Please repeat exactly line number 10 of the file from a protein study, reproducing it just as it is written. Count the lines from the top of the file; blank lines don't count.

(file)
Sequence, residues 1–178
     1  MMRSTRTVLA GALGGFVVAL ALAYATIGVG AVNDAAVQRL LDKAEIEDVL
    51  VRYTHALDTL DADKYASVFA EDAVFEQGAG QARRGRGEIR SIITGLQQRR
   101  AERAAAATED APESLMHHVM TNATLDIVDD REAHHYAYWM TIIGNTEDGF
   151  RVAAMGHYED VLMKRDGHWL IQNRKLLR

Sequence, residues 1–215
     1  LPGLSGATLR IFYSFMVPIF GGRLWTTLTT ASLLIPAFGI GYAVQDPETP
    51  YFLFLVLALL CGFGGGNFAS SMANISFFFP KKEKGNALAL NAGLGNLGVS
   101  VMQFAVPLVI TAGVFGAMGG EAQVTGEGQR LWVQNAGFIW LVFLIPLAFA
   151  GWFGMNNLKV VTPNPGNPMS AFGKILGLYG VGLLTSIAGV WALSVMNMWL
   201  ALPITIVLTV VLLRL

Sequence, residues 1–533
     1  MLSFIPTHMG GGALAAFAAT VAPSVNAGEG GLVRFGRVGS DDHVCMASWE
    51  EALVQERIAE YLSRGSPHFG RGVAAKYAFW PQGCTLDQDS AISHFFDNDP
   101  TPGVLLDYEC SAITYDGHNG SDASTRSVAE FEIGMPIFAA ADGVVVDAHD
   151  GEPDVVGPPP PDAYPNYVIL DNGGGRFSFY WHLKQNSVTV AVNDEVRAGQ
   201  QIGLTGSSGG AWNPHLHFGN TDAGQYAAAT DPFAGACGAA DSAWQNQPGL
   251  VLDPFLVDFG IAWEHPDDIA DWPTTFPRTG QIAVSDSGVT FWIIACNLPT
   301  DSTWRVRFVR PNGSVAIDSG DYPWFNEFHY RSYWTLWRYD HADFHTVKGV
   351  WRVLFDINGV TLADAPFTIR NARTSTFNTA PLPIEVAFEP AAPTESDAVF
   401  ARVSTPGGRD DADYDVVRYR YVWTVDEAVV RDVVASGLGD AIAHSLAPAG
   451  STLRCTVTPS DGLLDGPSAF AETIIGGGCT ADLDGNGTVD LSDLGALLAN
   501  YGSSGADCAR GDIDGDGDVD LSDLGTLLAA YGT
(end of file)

   151  GWFGMNNLKV VTPNPGNPMS AFGKILGLYG VGLLTSIAGV WALSVMNMWL